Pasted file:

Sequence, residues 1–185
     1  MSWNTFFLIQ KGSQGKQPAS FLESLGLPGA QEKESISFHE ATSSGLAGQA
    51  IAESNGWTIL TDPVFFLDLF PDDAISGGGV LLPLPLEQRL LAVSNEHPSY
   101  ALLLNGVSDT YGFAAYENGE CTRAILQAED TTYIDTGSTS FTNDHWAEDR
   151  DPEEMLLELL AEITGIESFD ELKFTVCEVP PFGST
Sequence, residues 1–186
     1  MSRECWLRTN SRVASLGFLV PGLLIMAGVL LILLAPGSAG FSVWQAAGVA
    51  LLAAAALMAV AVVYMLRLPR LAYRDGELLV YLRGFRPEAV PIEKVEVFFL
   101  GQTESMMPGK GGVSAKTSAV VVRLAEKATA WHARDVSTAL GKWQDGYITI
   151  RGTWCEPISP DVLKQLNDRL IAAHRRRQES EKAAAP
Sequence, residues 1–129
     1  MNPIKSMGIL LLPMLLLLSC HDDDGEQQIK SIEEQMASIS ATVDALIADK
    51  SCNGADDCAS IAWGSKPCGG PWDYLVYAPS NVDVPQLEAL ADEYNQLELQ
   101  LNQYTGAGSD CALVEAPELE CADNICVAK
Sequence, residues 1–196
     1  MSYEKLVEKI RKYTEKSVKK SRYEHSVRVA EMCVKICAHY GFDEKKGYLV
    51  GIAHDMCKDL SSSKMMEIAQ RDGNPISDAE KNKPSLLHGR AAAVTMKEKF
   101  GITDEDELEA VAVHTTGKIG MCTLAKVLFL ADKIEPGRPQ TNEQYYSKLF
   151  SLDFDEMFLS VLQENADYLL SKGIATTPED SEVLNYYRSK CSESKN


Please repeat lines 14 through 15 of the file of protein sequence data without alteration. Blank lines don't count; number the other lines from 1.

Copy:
   101  LNQYTGAGSD CALVEAPELE CADNICVAK
Sequence, residues 1–196